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Mr. OBERSTAR. Mr. Speaker, I rise in support of H.R. 6008, as amended, the ``Corporate Liability and Emergency Accident Notification Act,'' introduced by the gentleman from Michigan (Mr. Schauer).
Last week, the Committee on Transportation and Infrastructure held a hearing on the rupture of Enbridge's Line 6B pipeline, which released more than one million gallons of crude oil into Talmadge Creek and the Kalamazoo River just one mile south of Marshall, Michigan. The Kalamazoo River flows into Lake Michigan. The spill devastated the local environment and wildlife, uprooted homeowners that live near the creek and river, and exposed local communities to noxious and toxic substances before Enbridge even raised alarm.
I recall vividly in 1986, as Congress prepared for reauthorization of the pipeline safety program, a massive rupture that occurred on the Williams Pipe Line in Mounds View, Minnesota. Corrosion was the culprit. Unleaded gasoline spilled from a 7.5-foot long opening along the longitudinal seam of the pipe. Gasoline vapors combined with air and liquid gasoline flowed along neighborhood streets for about an hour and a half--until the manually operated gate valve was shut off. About 30 minutes into the release, the gasoline vapor was ignited when a car entered the area, its loose tailpipe struck the pavement, sparked and ignited the vapor. An inferno engulfed three full blocks of the neighborhood: a woman and her daughter were burned severely when the fireball rolled over them, later taking their lives. Another person suffered serious burns.
I have talked about that incident during debate on every pipeline safety bill that has come before this House because I will never forget where I was and what I was doing when I heard about the devastation that rupture had caused; it will be with me for the rest of my life. Congressman Schauer, I assure you, will never forget where he was when he learned of the Enbridge spill in Marshall, Michigan. Nor will Congressman Rick Larsen ever blot out the memory of the gasoline spill in a creek that flowed through Whatcom Falls Park in Bellingham, Washington, that claimed the lives of two 10-year-old boys and a young man of 18 celebrating high school graduation by fishing in that creek.
While we do not yet know the cause of the Michigan incident, we do know that the spill likely occurred sometime the day before Enbridge reported it to the National Response Center. We know that, contrary to Enbridge's claims at our hearing, the Enbridge control center did not even realize that a massive rupture had occurred on
the pipeline until a utility worker from an unrelated company, Consumers Energy, called Enbridge to report that oil was spilling into Talmadge Creek. We know that Enbridge personnel at the control center experienced an abrupt pressure drop on the line, that they experienced multiple volume balance alarms over the course of 13 hours before sending a technician to the pump station, located just three-quarters of a mile from the rupture. We know that Enbridge reported that the technician did not see any problems or smell any odors at the pump station, even though numerous residents in the immediate vicinity of the pump station (and others living nine miles away) reported to Committee staff that they smelled strong odors the day before. We also know that Enbridge knew about hundreds of defects in the line, and we know that the Pipeline and Hazardous Materials Safety Administration was made aware of them and failed to do anything to address Enbridge's inaction.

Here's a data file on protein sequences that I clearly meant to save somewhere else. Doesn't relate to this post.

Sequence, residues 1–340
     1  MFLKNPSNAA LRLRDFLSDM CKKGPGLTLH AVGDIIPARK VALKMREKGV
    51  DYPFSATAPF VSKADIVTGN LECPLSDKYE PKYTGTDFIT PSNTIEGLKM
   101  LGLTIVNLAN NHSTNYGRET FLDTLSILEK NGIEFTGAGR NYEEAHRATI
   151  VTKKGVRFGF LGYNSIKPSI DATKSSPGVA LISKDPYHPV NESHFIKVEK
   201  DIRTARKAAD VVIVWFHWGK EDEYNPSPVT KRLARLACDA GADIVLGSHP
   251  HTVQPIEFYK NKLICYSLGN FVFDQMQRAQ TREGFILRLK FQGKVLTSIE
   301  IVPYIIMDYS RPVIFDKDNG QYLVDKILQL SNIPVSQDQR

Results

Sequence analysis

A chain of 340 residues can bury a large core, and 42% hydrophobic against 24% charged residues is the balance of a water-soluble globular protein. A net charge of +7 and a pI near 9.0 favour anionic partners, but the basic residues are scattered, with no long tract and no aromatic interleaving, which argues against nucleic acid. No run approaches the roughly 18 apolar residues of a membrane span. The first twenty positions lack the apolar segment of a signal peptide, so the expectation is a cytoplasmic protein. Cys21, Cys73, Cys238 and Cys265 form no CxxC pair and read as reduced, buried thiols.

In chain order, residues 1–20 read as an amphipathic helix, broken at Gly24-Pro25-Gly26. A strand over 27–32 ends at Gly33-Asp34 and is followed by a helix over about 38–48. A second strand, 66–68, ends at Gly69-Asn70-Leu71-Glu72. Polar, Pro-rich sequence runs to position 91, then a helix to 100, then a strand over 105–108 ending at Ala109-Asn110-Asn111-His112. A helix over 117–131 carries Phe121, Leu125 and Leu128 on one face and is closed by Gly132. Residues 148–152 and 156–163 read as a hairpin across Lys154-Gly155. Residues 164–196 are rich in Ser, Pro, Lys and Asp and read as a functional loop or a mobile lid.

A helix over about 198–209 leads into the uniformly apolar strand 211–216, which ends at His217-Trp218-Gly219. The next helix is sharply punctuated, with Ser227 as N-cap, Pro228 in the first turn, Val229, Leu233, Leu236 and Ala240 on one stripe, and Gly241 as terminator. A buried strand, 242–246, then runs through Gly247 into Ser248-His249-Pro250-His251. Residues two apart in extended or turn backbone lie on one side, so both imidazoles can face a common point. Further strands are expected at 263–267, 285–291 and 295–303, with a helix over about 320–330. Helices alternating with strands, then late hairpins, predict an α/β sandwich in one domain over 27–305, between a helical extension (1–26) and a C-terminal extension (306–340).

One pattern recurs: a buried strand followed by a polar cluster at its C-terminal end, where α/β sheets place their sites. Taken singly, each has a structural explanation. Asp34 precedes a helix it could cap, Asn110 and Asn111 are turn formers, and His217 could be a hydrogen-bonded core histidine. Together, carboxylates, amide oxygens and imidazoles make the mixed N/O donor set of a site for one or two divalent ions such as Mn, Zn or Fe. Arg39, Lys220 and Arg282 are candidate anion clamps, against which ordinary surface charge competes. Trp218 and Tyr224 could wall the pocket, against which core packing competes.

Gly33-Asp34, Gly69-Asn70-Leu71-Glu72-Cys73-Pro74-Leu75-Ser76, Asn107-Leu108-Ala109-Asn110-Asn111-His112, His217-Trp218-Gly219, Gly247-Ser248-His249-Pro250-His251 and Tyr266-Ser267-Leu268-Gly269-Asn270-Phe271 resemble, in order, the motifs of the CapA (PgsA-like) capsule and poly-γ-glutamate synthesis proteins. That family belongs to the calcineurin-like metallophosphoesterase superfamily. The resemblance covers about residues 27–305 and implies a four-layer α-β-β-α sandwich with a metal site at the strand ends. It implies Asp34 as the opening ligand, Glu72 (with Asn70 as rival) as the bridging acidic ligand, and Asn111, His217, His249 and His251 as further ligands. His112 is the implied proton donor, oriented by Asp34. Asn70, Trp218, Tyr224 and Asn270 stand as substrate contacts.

The bill before you today holds pipeline operators accountable to a maximum of one hour to telephonically report a release of hazardous liquid or gas resulting in an incident. As the Enbridge oil disaster in Marshall, Michigan, underscores--every minute that passes following a release of hazardous liquid or gas from a pipeline is one less minute that responders have to protect the community and the surrounding environment.
The bill also increases the maximum civil penalty for each pipeline safety violation from $100,000 to $250,000 and the maximum civil penalty per incident from $1 million to $2.5 million, the same amounts proposed by the Obama administration in its pipeline safety reauthorization bill. The maximum penalties for violations of pipeline safety regulations under current law have not been increased in almost a decade. Adequate levels of penalties are necessary to deter unsafe operating practices by the pipeline industry, particularly in serious cases involving injuries, fatalities, and significant environmental damage. The bill further clarifies that civil penalties are applicable to obstruction of an investigation.
The bill includes a requirement that the Secretary of Transportation maintain a Web site that depicts all reportable incidents involving hazardous liquid and gas pipelines and allows the public to search the database for incidents by the owner or operator of a pipeline facility.
Over the coming weeks, I intend to work in a bipartisan manner to develop a comprehensive pipeline safety reauthorization bill. In the interim, I feel that this bill strengthens the accountability of pipeline operators.
I urge my colleagues to join me in supporting H.R. 6008.
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